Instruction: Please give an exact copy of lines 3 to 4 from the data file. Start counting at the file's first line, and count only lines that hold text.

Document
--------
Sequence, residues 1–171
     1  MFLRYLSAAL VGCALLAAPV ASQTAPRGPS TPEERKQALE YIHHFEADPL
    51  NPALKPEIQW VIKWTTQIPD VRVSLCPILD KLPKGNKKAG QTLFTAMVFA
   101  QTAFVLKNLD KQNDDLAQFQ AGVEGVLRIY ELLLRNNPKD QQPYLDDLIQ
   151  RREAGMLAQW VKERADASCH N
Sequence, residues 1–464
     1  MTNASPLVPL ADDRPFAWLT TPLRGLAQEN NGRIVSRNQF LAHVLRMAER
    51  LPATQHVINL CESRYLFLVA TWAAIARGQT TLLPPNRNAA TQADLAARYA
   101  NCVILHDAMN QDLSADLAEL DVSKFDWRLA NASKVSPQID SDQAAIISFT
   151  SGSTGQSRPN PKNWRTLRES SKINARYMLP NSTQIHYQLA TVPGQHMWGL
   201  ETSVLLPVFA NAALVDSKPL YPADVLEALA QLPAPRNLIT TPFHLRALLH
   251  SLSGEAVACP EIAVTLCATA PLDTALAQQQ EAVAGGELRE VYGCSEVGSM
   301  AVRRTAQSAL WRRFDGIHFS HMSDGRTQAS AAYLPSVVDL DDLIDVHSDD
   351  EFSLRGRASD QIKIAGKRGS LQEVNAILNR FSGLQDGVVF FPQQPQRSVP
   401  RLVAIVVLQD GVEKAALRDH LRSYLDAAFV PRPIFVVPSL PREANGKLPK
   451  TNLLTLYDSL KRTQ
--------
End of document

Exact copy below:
    51  NPALKPEIQW VIKWTTQIPD VRVSLCPILD KLPKGNKKAG QTLFTAMVFA
   101  QTAFVLKNLD KQNDDLAQFQ AGVEGVLRIY ELLLRNNPKD QQPYLDDLIQ